If there’s power available at a worksite, you can also run a power cable to top up your ute while on the job.

Electric utes will be slower to arrive – but the bigger change is already here

This year, Australia will have 100,000 electric vehicles on its roads for the first time.

After years in the doldrums, electric cars finally arrived in numbers. Last year, almost 40,000 hit the roads for the first time – doubling the total in a single year.

But there’s still a way to go. That’s just 3.8% of all new car sales – well below the global average of 12–14% and far behind world leader Norway, where 87% of vehicles sold are now electric.

Cars are comparatively easy to electrify. Utes and trucks are a harder challenge. Even though they come with major advantages, the higher sticker price will deter buyers.

This matters, because transport is now Australia’s third-largest – and fastest growing – source of emissions, accounting for close to 20% of the nation’s emissions.

Of these emissions, freight trucks are responsible for 23%, and light duty road vehicles – which includes utes –  contribute 18%.

For years, Australia has been at the back of the pack. Our lack of emission standards for vehicles has made us a dumping ground for high-polluting cars and trucks.

Electrifying our whole fleet of vehicles – coupled with clean energy to power them – is essential if we are to meet our legislated emissions targets.

Which electric utes are available now – or coming soon?

Australia’s first electric ute is the LDV eT60. It’s hugely expensive at around A$93,000, almost twice the cost of its diesel counterpart.

Australia’s first electric ute, LDV eT60. Zecar

So how can we be confident electric utes will take off? Because the technology isn’t standing still. As EVs get better and as worldwide battery production skyrockets, prices will fall. Many other models will soon be available.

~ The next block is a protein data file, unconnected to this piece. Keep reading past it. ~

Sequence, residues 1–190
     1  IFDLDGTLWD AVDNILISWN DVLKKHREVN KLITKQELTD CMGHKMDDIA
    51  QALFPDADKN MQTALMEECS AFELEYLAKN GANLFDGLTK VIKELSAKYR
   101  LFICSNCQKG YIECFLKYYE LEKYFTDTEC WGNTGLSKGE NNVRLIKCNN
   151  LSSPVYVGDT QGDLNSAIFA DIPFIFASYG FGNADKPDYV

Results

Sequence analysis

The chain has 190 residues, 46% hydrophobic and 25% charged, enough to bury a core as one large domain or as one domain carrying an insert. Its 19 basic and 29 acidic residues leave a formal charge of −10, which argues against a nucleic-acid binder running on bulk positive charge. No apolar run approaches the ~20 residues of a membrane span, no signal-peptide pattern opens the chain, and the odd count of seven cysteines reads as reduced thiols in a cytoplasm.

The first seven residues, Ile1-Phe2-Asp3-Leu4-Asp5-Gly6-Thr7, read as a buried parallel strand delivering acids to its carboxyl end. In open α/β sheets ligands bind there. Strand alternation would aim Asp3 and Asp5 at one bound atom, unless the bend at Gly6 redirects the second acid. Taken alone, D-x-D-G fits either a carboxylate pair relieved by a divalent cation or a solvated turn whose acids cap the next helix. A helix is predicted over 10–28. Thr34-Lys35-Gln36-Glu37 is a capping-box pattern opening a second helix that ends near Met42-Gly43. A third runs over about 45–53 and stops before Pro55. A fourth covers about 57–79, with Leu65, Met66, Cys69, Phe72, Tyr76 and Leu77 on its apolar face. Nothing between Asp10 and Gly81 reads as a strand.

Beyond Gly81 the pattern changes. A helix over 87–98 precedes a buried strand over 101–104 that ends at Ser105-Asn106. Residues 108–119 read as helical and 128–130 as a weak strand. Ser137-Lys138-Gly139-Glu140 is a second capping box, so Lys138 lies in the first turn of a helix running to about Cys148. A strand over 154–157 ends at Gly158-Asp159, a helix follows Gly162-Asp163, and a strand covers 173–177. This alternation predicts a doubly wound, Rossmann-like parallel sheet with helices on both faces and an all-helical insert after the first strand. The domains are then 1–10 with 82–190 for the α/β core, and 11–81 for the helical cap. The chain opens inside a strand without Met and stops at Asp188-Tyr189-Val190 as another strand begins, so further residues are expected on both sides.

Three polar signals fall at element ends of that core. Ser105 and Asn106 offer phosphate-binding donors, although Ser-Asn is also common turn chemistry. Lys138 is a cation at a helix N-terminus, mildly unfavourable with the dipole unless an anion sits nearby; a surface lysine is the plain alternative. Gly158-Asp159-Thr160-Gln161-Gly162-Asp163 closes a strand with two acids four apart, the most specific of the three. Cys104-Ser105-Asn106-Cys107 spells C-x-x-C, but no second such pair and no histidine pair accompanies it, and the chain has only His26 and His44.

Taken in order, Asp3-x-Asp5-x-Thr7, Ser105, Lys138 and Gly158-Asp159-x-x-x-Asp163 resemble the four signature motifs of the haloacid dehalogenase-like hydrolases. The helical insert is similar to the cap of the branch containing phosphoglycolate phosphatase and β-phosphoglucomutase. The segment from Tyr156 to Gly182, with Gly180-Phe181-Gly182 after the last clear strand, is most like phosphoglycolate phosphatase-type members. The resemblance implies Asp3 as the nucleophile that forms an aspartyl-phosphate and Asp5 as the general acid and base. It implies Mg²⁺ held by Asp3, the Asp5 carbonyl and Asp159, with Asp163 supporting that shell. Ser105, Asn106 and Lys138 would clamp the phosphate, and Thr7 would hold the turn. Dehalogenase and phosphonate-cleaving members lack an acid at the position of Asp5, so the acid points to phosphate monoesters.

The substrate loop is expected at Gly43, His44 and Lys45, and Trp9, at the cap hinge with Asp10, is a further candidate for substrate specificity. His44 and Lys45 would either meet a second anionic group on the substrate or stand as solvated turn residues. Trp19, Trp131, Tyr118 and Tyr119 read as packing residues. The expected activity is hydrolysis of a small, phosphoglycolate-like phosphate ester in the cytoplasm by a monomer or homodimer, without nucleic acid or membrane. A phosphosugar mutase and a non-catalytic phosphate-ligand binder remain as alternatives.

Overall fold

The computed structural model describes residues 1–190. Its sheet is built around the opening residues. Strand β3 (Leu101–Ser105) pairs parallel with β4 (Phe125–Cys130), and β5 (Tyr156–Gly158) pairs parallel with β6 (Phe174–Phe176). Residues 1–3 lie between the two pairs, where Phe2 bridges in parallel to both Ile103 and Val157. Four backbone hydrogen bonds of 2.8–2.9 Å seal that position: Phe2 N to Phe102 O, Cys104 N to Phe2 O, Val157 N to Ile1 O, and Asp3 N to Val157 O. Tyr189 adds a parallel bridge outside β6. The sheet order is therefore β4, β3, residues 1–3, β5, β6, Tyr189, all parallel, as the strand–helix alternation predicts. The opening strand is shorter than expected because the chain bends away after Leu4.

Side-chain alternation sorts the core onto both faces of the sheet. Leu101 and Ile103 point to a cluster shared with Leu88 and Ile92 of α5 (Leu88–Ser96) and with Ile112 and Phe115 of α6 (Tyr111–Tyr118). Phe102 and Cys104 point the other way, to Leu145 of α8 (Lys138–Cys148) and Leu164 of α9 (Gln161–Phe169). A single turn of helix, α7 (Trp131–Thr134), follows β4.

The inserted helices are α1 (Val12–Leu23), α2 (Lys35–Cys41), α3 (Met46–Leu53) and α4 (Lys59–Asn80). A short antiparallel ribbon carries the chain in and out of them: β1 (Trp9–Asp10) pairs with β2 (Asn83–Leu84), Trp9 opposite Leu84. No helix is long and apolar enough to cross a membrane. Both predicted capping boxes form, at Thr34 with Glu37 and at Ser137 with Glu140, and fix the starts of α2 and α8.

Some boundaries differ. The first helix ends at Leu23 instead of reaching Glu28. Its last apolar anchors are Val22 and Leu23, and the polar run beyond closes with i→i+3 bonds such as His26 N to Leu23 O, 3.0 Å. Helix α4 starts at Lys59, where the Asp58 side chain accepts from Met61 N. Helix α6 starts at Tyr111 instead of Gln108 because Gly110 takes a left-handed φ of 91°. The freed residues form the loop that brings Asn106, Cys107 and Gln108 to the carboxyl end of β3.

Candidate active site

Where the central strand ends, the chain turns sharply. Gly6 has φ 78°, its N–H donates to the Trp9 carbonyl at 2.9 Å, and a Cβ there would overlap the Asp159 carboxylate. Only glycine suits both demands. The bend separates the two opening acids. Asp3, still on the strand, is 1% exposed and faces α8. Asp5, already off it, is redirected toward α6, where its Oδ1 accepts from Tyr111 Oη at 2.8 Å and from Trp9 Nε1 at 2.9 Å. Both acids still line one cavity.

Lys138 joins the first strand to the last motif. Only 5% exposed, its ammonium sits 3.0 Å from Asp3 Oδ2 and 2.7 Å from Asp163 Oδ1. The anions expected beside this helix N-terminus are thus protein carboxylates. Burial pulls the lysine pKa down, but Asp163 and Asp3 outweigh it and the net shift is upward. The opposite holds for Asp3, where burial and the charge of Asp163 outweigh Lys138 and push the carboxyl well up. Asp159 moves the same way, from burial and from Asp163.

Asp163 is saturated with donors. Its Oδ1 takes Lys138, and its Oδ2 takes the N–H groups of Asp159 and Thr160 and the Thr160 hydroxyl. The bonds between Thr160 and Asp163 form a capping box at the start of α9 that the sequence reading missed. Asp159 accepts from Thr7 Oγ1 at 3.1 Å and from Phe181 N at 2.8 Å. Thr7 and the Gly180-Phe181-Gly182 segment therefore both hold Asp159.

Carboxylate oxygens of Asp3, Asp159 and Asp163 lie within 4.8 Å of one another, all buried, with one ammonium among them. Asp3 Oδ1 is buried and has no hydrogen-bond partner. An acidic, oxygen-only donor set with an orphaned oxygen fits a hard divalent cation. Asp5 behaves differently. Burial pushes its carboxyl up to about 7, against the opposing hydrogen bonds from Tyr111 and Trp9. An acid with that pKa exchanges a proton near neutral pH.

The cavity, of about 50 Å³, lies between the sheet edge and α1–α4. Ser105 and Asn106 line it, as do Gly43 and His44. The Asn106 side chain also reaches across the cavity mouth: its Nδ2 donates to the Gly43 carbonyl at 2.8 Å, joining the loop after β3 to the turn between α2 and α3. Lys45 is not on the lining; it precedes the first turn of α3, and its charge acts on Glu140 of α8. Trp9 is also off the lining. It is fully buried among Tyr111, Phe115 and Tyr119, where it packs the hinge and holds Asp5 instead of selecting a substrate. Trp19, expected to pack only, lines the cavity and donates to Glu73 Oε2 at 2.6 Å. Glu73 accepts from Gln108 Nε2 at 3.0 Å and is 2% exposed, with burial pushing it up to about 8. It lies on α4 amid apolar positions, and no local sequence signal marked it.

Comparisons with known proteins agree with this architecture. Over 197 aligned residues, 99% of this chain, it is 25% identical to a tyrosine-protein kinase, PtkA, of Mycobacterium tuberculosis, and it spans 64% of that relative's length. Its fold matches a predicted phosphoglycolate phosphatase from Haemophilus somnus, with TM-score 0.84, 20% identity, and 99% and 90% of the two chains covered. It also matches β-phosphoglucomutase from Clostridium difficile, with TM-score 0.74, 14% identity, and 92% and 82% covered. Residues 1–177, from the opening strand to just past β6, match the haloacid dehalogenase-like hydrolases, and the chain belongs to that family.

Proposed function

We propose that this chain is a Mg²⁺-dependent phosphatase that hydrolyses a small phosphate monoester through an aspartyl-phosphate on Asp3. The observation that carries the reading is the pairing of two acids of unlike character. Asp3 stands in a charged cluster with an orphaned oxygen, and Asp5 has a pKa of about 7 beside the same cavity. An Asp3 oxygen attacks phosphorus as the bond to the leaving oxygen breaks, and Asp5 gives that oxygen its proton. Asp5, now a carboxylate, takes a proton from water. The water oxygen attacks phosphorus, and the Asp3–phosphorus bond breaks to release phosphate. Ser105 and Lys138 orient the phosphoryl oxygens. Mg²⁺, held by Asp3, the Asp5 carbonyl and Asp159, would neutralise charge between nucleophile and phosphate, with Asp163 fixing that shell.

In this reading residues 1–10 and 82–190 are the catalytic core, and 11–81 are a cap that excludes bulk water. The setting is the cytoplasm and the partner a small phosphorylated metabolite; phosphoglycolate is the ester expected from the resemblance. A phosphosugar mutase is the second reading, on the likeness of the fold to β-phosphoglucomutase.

States and territories are also introducing policies to reduce the cost of purchase, such as basing the cost of registering a vehicle on its emissions.

Within seven years, electric vans and utes are predicted to make up over 50% of all light duty commercial vehicles. This could come even sooner with supportive government policies.

There’s also a renewed interest in local manufacturing. Queensland’s Ace EV Group plans to launch a small, cheap electric ute with the ability to charge your tools from its battery, while other outfits offer to convert your existing car to electric.

The route to electric utes

The switch to electric is – at last – beginning in earnest. But time is of the essence. To accelerate, we need more variety and more affordable EVs, including light duty vehicles and utes.

One policy setting still holding us back is the lack of mandatory fuel efficiency standards. If we had these, we would see much faster change.

Labor last year promised Australia would at last have ambitious mandatory fuel-efficiency standards. They can’t come soon enough.


Read more: Australia is failing on electric vehicles. California shows it's possible to pick up the pace